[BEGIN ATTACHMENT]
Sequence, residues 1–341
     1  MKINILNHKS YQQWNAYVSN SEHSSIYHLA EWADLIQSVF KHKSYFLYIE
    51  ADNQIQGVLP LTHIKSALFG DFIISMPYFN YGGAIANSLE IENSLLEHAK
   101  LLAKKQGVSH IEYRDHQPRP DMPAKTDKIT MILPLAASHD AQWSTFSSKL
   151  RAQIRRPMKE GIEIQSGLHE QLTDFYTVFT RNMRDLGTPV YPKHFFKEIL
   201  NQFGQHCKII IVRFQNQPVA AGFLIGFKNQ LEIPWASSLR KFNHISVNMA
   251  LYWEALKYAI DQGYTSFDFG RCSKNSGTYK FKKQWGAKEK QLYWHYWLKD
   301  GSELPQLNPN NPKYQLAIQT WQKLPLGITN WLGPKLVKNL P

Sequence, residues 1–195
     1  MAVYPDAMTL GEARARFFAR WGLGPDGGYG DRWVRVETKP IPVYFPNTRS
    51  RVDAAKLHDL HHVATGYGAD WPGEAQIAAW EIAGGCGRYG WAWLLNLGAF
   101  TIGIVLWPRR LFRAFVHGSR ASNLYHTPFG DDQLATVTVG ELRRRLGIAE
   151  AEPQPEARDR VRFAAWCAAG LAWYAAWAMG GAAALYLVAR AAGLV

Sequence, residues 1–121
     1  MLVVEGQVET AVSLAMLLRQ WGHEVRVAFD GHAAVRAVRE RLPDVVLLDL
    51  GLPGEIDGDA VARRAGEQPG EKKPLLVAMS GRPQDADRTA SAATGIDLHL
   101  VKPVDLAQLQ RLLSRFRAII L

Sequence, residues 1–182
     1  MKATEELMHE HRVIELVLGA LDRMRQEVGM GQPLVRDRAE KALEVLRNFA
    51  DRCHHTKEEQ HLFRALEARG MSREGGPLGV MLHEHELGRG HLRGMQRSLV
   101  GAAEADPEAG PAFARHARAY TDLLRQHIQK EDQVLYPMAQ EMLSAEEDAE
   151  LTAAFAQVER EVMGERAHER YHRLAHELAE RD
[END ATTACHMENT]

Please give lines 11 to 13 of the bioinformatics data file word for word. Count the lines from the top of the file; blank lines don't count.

    51  RVDAAKLHDL HHVATGYGAD WPGEAQIAAW EIAGGCGRYG WAWLLNLGAF
   101  TIGIVLWPRR LFRAFVHGSR ASNLYHTPFG DDQLATVTVG ELRRRLGIAE
   151  AEPQPEARDR VRFAAWCAAG LAWYAAWAMG GAAALYLVAR AAGLV